Compounding Pharmacy: A pharmacy which offers all forms of natural hormones made to your doctor's specifications. A compounding pharmacy will also send requested information packets to you and/or to your doctor.
Continuous Combined HRT: When some form of estrogen and a progestin/progesterone are taken every day of the month. This style of therapy is intended to eliminate monthly bleeding, but in reality it does not always succeed. It seems to work better for women at least a year or two postmenopause. It may take up to a year for spotting/bleeding to stop. Increasing the progestin dose may help reduce the spotting/bleeding. The undesired spotting and bleeding may result in increased physician visits and testing.
Corpus Luteum: A mound of yellow tissue that forms in the wall of the ovary where an egg (ovum) has just been released; it produces progesterone. Should a woman skip an ovulation, her ovaries would not produce progesterone for that month.
Corticosteroids: Also known as adrenal cortical hormones and corticoids, steroid hormones (excluding sex hormones) that are secreted by the adrenal cortex. The two major groups: glucocorticoids affect fat, carbohydrate and protein metabolism, and mineral corticoids affect the regulation of electrolyte and water balance. Cortisol is a glucocorticoid, and aldosterone is a mineral corticoid.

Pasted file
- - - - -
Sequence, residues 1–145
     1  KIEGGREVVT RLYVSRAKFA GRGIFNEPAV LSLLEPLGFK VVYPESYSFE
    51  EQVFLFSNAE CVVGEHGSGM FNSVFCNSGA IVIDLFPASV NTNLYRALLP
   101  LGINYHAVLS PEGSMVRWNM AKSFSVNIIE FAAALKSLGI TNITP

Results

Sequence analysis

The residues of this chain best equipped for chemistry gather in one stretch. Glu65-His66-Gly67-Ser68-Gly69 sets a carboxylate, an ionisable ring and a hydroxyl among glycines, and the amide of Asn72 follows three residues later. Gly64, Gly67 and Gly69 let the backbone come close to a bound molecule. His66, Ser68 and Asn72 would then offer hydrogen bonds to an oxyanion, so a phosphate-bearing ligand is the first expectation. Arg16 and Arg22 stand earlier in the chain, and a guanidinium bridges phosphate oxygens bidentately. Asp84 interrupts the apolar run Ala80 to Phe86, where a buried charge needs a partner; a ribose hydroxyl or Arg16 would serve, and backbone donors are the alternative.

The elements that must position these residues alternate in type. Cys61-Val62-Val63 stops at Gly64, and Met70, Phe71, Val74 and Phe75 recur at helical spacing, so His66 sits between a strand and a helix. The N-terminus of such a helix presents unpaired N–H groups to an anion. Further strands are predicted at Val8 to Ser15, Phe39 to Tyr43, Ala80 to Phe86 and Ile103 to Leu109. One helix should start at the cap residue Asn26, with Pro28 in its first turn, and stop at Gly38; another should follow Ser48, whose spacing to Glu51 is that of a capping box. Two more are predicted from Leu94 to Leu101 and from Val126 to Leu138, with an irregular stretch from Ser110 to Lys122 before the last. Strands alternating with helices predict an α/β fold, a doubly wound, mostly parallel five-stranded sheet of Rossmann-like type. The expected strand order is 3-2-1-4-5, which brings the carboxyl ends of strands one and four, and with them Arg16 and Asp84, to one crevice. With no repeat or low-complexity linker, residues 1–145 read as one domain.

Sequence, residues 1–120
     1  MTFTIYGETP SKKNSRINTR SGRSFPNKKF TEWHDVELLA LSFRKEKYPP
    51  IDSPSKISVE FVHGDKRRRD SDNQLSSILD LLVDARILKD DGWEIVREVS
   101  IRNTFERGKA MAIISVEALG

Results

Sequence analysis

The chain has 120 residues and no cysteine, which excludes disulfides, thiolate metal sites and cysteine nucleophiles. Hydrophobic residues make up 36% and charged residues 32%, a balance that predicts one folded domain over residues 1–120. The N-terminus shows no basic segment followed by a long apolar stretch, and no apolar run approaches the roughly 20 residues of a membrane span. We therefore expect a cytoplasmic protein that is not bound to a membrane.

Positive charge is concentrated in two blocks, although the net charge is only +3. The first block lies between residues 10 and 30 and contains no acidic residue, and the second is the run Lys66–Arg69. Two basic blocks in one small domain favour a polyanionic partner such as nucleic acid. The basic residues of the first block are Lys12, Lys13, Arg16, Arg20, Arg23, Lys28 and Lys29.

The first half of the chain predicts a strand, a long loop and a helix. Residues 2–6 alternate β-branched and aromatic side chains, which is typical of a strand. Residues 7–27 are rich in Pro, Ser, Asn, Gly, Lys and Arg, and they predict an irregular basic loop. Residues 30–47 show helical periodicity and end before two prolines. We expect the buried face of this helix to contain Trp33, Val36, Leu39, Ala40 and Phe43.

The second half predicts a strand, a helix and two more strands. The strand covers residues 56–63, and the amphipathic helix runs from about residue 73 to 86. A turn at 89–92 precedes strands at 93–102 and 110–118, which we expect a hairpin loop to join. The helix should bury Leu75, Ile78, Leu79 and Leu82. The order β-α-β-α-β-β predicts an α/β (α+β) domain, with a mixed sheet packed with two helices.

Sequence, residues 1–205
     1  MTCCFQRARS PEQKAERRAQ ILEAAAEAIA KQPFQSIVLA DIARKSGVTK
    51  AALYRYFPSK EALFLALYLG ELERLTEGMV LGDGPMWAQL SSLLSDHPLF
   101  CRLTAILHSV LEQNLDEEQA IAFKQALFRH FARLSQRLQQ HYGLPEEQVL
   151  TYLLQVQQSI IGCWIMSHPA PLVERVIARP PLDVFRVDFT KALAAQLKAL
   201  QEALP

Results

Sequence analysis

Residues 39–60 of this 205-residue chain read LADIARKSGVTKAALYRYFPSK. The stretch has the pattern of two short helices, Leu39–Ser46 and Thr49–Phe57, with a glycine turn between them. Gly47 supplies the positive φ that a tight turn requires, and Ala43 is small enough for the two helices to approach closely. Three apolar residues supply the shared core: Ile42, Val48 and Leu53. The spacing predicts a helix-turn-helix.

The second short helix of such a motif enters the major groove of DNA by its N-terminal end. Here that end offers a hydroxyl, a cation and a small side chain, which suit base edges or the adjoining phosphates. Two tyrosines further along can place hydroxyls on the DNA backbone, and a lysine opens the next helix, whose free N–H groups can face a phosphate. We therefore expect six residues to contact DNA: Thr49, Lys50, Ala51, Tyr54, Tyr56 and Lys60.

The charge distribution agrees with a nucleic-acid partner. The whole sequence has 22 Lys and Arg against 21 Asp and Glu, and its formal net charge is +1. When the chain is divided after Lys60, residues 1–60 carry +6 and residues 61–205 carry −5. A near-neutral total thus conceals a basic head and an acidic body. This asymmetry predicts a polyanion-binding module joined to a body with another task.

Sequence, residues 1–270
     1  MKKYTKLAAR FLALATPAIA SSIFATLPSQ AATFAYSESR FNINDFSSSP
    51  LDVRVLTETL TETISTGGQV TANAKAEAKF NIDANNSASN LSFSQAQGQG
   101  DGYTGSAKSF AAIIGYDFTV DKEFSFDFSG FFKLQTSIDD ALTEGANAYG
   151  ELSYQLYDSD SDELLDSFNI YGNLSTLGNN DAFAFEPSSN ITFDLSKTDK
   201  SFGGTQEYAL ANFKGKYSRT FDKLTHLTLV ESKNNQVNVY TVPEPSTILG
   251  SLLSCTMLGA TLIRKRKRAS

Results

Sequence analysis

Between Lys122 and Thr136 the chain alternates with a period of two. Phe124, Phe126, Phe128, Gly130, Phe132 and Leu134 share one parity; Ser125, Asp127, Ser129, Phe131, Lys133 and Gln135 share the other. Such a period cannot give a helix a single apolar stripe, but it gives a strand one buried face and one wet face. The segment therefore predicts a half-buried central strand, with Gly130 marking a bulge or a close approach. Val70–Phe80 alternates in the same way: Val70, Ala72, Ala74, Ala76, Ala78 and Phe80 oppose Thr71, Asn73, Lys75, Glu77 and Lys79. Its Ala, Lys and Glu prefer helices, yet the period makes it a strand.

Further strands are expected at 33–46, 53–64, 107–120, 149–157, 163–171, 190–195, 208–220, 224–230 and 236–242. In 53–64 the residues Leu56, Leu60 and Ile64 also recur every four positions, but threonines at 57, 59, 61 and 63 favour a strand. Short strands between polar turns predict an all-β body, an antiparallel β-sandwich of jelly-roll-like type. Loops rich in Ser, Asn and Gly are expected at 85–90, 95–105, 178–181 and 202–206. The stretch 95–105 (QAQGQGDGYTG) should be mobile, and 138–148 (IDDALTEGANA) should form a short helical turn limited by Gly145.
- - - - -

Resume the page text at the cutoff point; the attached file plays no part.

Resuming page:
Cortisol: A sterol (related to steroid) secreted by the adrenal cortex. A major glucocorticoid which affects fat, carbohydrate and protein metabolism. High doses lead to interference with proper functioning of the immune system.
Crinone: The brand name for a natural progesterone gel suppository.
Cyclical Hormone Therapy: see Sequential Hormone Therapy.
Danazol: A drug used in the treatment of endometriosis.
Designer Estrogens: SERMs (Selective Estrogen Receptor Modulators). Act as anti-estrogens in breast tissue while having estrogenic effects elsewhere in the body; can often cause hot flashes and other menopausal type symptoms. Have some beneficial effect on bone, less on heart. Two examples are tamoxifen and raloxifene (brand name Evista). Both are being considered for breast cancer prevention in high-risk women because of their anti-estrogen effect in the breast.